In terms of assuring that we have top quality impartial judges Washington is perhaps the most regressive state of the union. Until 2006 every state, except Washington and three others, had adopted legislation putting limits on judicial campaign contributions. That year Washington passed a law limiting judicial campaign contributions. Generally speaking it limited contributions to the same levels as state legislature campaign contributions, $1400 per contributor. As campaign finance reform goes this is a light measure, which proved of limited value in the 2006 judicial election, where spending broke all records.

Twelve years ago it was officially determined that reform is badly needed. In 1996 the Walsh Commission, a 24 member panel, studied problems with Washington’s judicial system and came up with a number of recommendations. First, it recommended a type of merit system for the appointment of judges, the sort of procedure that is in place in most other states. This involved a commission to select the candidates for appointment by the governor when a position opened between elections, retention elections in which judges were not opposed but voted to stay or go, and among other thing a voters pamphlet to inform voters of the choices when voting for a judge. This would certainly not have put Washington in the forefront of states seeking to enhance the stature of the judicial branch and improve judicial elections, but it would have at least brought Washington into the main stream.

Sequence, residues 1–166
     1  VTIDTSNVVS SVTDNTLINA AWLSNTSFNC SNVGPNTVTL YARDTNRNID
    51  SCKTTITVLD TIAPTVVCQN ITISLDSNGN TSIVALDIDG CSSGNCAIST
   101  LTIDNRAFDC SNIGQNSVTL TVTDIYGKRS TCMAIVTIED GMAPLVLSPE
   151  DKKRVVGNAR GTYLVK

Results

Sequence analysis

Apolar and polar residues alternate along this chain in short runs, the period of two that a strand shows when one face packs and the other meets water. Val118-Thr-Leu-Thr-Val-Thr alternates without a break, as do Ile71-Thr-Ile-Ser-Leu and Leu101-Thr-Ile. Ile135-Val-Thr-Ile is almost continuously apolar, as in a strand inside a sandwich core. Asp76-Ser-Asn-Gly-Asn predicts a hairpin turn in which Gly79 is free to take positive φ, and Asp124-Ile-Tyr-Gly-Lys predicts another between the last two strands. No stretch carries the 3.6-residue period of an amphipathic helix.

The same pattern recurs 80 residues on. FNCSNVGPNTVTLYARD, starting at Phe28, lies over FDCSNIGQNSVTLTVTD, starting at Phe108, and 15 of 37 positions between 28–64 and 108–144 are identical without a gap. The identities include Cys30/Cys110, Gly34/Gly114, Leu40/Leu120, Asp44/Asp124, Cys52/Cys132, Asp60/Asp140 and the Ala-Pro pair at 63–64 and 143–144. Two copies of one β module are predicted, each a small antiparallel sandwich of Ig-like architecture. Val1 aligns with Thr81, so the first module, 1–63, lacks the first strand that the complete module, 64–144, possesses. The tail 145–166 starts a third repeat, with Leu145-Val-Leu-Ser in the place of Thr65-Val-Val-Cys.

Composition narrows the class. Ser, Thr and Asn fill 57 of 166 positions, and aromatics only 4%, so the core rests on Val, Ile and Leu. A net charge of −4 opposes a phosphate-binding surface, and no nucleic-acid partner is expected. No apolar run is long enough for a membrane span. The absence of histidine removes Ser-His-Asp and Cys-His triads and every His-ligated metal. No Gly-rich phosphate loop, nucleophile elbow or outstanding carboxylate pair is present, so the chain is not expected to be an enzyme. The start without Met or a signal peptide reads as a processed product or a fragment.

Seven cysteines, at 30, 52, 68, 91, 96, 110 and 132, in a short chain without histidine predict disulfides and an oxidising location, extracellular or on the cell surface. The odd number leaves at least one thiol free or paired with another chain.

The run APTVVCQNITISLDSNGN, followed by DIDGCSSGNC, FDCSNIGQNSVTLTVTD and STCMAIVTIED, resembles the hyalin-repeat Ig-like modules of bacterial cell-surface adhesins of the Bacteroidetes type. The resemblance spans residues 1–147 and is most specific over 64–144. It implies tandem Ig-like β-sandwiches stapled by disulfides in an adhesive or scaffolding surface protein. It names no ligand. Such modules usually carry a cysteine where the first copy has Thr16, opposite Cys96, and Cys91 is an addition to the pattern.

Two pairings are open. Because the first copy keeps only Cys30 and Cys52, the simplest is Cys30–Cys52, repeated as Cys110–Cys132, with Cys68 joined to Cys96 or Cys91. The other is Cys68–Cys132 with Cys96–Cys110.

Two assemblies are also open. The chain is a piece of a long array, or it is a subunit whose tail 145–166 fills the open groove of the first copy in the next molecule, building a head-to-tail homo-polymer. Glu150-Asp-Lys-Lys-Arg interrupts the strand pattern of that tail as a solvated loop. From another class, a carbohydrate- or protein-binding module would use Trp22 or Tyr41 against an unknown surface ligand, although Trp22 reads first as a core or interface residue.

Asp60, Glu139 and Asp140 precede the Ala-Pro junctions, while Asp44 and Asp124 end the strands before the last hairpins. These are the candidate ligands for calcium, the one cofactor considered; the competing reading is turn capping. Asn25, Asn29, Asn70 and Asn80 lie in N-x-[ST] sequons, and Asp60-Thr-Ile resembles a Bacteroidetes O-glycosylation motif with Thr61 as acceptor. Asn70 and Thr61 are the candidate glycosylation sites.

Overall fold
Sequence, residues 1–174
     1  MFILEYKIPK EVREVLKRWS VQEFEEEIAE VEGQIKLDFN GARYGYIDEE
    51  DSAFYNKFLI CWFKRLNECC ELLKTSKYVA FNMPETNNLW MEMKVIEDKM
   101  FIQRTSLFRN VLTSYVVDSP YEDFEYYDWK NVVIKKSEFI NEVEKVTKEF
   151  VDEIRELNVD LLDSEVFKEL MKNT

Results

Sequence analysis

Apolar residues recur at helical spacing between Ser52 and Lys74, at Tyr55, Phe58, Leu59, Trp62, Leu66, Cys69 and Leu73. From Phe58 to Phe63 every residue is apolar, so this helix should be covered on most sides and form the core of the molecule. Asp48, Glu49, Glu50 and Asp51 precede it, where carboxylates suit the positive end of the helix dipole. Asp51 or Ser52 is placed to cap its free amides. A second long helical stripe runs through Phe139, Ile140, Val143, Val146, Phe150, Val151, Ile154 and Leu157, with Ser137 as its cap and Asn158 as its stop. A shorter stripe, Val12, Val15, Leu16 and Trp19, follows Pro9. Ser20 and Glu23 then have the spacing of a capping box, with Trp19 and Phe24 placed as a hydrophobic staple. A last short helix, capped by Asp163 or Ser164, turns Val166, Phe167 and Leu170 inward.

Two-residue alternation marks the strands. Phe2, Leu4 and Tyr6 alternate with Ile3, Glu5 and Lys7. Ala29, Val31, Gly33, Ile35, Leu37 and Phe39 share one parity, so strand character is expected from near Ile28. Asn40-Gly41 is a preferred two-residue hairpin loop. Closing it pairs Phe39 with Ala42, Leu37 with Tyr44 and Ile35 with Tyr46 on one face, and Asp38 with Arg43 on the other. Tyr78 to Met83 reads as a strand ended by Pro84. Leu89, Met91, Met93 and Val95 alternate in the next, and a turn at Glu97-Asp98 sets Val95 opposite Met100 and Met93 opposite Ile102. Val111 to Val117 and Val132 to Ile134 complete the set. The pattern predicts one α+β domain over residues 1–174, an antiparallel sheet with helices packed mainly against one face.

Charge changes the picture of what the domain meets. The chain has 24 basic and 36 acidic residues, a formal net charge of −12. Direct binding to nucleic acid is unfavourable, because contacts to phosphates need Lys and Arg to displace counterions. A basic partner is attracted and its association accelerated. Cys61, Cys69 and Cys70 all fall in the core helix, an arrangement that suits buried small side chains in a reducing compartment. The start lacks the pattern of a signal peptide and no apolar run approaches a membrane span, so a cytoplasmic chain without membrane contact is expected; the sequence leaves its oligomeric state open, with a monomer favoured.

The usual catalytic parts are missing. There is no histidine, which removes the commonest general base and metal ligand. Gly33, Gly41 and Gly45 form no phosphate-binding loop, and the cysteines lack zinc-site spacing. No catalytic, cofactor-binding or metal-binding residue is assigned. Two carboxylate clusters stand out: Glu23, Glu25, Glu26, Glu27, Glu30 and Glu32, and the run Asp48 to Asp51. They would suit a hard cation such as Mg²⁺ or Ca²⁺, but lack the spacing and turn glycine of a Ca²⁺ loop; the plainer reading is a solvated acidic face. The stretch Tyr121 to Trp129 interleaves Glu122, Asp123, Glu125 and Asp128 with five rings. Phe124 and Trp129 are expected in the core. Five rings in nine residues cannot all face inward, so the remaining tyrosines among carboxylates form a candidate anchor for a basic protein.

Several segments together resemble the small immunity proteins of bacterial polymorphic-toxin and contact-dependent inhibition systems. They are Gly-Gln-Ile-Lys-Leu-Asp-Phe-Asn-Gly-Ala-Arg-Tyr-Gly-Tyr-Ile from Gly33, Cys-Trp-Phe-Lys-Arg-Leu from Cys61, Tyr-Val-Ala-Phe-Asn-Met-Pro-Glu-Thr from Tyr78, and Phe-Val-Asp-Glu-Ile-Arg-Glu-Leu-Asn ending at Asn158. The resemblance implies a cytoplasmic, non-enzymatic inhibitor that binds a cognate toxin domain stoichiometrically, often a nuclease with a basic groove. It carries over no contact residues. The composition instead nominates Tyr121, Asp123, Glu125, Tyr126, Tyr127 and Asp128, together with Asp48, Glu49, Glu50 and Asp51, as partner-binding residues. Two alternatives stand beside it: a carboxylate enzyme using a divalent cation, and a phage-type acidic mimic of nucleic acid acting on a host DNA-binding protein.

The proposed legislation that grew out of this was not even voted on, languishing in committee. Believe it or not the state legislature would not even vote to authorize the voters’ pamphlet. The Washington State Supreme Court, however, printed one itself.

The special interests in Washington are so powerful that we cannot pass legislation intended to limit their influence on judges. As Sandra Day O’Connor said if we don’t reform this system we don’t deserve imparitial judges.


HB 2150; The Merit System for Washington at Last!

January 22, 2008